We can't allow the information superhighway to become the phone and cable companies' private toll road. If they get their way, the Internet as we know it ” as a democratic platform for free speech and innovation ” will disappear.

National Broadband Policy
What passes for broadband access in the United States barely measures up. Half of the nation™s households are not connected to broadband, and the United States is falling far behind other developed nations in broadband speed, price and availability. We pay far more for a lot less bandwidth than our global competitors ” and we lack enough competitive choices in the market to push speeds up and prices down.

The way to stop the slide and improve broadband access, service and choice is to pass a comprehensive national broadband plan that is focused on putting our digital future back on track. A national broadband plan would protect Internet freedom and foster competition by bringing new providers into the marketplace, driving economic growth and innovation, and bringing universal, affordable broadband access to all Americans.

Community Internet
Far too many people find themselves on the wrong side of the digital divide. Community Internet ” also known as municipal broadband ” networks allow local governments and communities to bring the benefits of broadband to their citizens and local businesses.

Communities often choose to use new wireless technologies to deliver fast, affordable and reliable Internet service to everyone, bringing broadband to rural residents and underserved areas and lowering the cost of access for all residents. These networks provide an essential catalyst for market competition and economic development. We must empower local governments to launch broadband initiatives that connect all of their citizens.

Want to join the fight for a free, open and accessible Internet?

Visit SaveTheInternet.com to learn more and find out what you can do.

Get involved in the movement for an open Internet!

Become a Free Press e-activist

 


 

Global Citizens? See:

Media Free Times


Other Dialogue:

CNN Discourse


The Web Is Dead

Comments:

From: g~k~

55 minutes ago

The article & comments are much needed and if you mean the "Web is Dead" it probably has never lived yet ..as in free speech drowning in shit, you are right ...as surviving media activists "for open and free public access to public media " that created / originated the prototypes for what are now called web pages, we were predicting and warning of the inevitable military industrial dis-ease establishment media monopoly control of The Matrix back in '72 ...the points about bandwidth vs. usage that many of the commentators keep reiterating is base on the mistaken assumption that "the web" is the "internet" ...like "intercourse" is the same as "procreation" ...it is not. Simply put ...you have to pay extra for commercial bandwidth and that means you lose free speech because the bandwidth hogs clog your channels with info noise and info overload..."THEY" and "THEM" vampire suck our intellectual property then "marginalize,quarantine,homogenize then clone it" and sell it back to us at $60 - $80 per month ...the brave new world ...entertaining us to death ...this is not a living Web but a cesspool...so sink or swim you gotta pay ...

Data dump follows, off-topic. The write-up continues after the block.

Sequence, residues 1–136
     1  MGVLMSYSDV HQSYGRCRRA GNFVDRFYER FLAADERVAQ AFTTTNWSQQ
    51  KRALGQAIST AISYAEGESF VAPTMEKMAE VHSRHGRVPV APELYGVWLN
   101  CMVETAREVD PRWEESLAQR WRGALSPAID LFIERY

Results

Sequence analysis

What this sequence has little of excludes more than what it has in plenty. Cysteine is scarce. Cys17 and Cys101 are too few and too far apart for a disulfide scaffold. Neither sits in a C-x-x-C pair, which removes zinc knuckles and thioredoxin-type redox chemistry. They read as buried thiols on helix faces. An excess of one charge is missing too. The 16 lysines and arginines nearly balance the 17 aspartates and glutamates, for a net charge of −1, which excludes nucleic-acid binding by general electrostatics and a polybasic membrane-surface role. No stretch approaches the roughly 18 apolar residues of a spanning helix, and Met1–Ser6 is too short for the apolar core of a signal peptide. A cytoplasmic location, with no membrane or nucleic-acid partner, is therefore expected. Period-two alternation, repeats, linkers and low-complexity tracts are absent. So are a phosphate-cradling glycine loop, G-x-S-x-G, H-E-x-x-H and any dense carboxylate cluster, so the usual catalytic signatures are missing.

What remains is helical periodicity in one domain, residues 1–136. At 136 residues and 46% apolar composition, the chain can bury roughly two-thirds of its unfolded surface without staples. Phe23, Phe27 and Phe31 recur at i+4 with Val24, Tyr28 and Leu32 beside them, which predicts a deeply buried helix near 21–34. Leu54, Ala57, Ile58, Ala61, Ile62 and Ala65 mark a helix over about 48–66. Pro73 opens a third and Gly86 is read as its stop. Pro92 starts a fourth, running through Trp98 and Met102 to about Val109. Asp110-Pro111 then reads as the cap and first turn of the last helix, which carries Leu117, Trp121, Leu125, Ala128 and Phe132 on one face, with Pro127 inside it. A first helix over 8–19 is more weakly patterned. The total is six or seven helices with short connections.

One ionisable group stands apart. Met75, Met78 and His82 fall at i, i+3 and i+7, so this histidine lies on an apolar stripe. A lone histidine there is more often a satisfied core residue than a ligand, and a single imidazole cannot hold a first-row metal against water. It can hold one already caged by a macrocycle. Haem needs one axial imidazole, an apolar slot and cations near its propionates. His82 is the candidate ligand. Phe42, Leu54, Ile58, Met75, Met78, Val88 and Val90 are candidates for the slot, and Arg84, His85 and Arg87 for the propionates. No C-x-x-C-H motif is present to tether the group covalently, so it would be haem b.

http://Media Free Times .com


 

 


 

Ideas For Free Internet

Random Links F.Y.I. (under construction):

Ideas For Free High Speed Internet

http://www.articlesbase.com/cable-and-satellite-tv-articles/iks-free-to-air-satellite-542781.html

http://www.chrismyden.com/020325.php

http://www.gyre.co.uk/help/broadband/connection_sharing.php

Why AOL Sucks
so, what else is new? :

http://www.ebtx.com/business/aolsucks.htm

http://jost.syr.edu/wp-content/uploads/who-controls-the-internet_illusions-of-a-borderless-world.pdf

...

..

.

...Please send more of your Ideas and Links to:

info@vifru.org

 


 

back to De-School.net

 

(c) 1972-2010 Media Free Times - all world rights reserved